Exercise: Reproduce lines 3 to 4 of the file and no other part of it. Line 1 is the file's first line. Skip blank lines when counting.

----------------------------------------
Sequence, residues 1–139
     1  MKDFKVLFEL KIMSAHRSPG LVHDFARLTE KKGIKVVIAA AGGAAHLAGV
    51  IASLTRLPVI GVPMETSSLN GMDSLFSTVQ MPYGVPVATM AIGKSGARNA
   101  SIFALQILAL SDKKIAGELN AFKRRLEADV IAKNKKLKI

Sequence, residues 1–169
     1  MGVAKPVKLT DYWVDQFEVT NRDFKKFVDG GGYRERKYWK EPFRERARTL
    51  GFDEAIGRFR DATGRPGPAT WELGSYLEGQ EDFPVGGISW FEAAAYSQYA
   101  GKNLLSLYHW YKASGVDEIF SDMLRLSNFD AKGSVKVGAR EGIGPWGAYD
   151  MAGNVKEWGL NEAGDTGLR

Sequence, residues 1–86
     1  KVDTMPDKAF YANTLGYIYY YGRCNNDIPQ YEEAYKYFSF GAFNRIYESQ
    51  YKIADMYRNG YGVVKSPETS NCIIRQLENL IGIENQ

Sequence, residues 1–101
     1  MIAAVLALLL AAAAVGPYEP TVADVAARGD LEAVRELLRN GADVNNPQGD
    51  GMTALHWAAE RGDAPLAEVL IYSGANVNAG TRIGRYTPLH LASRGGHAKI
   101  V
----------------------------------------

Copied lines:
    51  IASLTRLPVI GVPMETSSLN GMDSLFSTVQ MPYGVPVATM AIGKSGARNA
   101  SIFALQILAL SDKKIAGELN AFKRRLEADV IAKNKKLKI